Your back aches. You have sat on a hardwood surface for too long. You started and scored in a Champions League final, yet you even can’t get scrub minutes from the new coach. You try to politely remind him you started and scored in a Champions League final, but you are ignored. You scream that “you are a starter”, but people look at you like you are crazy.
You are Pedro Rodriguez. And this year, somebody finally listened. You are reborn.
I wrote about Pedro a few years ago for my own site. I pinned him as the soccer equivalent of Steve Kerr at the Chicago Bulls: a reasonably skilled player who stood wide, made wide open buckets, and coasted to glory on the back of a genuine all-star in Michael Jordan. Barca fans, rain or shine, always complained: why doesn’t Pedro get more minutes? Starting him in games was the “go to” panacea for any and all cule problems.
Yet he never became that lock starter in Catalonia. Instead, Barcelona bought Neymar and suddenly Pedro found himself even further down the pecking order. Thus, he opted to switch to England and play for Jose Mourinho’s Chelsea. This, of course, struck many as an odd move. Going from the tiki-taka attacking vigor of Pep’s Barca to the dire defend-with-numbers Mourinhoball was like drinking oil instead of water.
Pedro started strongly enough, but Chelsea imploded under Mourinho and were laughably close to the relegation spots by Christmas. Guus Hiddink righted the ship, but nobody last Spring, aside from Antonio Conte, would have predicted big things for Pedro.
Yet today Chelsea sit atop the Premier League, Costa and Hazard are banging in goals, and Mr. Rodriguez is a lock to start most games.
So, was Pedro a starter this whole time? Were we all blind? Or, like all players, do his particular traits fit some systems and roles better than others?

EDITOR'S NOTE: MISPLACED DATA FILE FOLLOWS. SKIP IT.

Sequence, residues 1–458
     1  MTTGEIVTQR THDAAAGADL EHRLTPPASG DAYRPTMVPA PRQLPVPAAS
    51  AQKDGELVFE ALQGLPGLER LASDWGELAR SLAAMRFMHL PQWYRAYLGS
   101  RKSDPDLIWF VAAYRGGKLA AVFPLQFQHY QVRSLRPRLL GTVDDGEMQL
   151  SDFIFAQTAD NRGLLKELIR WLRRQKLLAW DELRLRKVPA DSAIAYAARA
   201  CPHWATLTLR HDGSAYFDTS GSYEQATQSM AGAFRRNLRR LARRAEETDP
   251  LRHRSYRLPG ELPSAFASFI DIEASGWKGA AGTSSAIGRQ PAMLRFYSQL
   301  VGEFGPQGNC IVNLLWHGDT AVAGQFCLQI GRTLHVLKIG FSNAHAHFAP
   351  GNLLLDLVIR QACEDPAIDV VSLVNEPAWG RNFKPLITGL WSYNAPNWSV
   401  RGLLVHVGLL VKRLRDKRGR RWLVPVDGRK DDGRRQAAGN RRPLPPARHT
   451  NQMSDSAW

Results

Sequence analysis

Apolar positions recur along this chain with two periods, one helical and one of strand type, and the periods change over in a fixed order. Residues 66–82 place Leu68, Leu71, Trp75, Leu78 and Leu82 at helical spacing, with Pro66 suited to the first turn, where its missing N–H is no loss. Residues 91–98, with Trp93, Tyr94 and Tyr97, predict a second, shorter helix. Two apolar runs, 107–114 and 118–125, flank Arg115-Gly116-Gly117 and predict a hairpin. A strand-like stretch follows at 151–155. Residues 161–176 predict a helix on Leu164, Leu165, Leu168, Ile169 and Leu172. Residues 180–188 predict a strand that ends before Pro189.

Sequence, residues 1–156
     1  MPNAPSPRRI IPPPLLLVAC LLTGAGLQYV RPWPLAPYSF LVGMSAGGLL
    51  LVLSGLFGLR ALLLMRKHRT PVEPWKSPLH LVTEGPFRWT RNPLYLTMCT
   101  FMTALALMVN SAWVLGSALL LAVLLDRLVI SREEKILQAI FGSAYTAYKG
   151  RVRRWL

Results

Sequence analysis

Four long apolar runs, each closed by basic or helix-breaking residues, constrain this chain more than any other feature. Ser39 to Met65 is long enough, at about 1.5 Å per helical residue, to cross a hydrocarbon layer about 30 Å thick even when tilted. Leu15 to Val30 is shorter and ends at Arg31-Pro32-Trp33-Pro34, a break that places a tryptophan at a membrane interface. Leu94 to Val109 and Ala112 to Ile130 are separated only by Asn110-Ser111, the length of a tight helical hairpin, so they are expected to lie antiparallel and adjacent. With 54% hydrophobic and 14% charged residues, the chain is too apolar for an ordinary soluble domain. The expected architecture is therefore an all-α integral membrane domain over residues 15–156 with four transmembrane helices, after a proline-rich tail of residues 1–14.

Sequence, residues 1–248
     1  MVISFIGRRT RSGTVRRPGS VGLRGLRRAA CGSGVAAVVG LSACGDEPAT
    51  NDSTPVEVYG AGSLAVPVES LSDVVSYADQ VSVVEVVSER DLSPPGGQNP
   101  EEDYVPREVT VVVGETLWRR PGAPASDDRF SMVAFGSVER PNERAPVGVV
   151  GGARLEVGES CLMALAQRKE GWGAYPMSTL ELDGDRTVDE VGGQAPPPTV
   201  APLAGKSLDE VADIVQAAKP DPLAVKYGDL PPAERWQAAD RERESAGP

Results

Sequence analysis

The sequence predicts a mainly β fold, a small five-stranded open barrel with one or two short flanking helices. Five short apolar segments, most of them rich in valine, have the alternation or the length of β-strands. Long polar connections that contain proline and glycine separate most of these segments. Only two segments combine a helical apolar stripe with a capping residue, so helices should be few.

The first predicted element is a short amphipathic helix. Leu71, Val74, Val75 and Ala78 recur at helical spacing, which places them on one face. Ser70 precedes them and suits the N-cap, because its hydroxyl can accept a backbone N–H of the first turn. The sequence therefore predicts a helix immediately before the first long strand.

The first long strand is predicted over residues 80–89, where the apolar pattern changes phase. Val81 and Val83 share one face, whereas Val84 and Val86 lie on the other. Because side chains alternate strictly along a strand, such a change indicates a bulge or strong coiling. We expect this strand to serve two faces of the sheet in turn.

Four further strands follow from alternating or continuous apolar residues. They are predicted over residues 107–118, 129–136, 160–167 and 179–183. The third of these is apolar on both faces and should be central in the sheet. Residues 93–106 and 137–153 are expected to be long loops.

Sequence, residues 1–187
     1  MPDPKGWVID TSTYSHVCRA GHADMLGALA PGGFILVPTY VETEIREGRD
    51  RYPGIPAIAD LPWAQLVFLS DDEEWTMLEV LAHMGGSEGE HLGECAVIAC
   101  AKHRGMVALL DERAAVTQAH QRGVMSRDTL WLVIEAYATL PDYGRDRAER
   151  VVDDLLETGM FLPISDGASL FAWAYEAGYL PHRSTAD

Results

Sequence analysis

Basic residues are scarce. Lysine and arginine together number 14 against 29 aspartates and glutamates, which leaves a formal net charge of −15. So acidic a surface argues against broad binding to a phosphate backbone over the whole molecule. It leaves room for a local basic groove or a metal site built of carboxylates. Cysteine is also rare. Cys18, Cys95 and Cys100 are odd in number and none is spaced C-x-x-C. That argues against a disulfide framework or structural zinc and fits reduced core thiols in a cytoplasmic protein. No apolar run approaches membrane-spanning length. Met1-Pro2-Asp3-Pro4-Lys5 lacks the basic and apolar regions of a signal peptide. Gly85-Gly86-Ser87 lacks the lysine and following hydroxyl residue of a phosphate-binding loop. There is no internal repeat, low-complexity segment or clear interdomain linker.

Pedro, in the best light, is a fantastic support striker who works so hard off the ball that he can compensate for the light defensive duties of Costa and Hazard. Conte’s 3-5-2 has pushed up two wingbacks to work hard out wide, helping the attacking three to either press or turn off depending on the game situation.
And that’s one of Pedro’s greatest assets: intelligent pressing. Any idiot can run after a ball and try to tackle. Pedro’s soccer IQ means that he can realize when a defense is in a weak position, when he is supported by other players, and how to force the ball wide and into blind alleys where turnovers are more likely.
Of course, Pedro is lethal and crafty around the 18 yard box. He won’t dribble by any defender, but can play the 1-2 and spring the offside trap with ease. He also always opens his hips, finds his feet, and calmly slots his shot to the far post. Just check out these goals from his time at Barca.
For Chelsea, it’s been more of the same.
The clipped chips that bend to the far post; hanging on the last defender’s shoulder; quick first-touch crosses the skip and bounce across the box. These are the trademark of Pedro’s game, and he’s gelled into a nice trident with Hazard and Costa—they interchange at will and combine fluently.
So, today, the debate remains unresolved. Pedro is either an all-star or a studly support striker, but regardless of the label, he’s in damn good form for Chelsea. And he’ll probably have another league title to add to his collection come May.